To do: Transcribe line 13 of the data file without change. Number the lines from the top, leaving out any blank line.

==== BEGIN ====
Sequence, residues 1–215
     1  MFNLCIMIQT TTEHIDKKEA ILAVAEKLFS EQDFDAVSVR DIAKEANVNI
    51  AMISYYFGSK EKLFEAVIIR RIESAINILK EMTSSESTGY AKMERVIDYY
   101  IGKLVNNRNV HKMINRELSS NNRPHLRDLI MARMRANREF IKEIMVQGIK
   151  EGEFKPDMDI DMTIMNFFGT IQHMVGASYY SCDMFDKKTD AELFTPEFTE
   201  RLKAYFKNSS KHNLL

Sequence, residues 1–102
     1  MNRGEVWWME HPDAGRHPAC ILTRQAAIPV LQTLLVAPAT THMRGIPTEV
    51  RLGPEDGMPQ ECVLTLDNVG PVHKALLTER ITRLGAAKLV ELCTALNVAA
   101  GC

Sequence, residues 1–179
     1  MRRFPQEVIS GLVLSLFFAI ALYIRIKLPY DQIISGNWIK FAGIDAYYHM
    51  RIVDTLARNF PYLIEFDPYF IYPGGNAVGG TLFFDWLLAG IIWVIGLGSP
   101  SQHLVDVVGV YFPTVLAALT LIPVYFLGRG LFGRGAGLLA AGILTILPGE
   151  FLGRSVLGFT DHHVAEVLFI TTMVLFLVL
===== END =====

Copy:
    51  RIVDTLARNF PYLIEFDPYF IYPGGNAVGG TLFFDWLLAG IIWVIGLGSP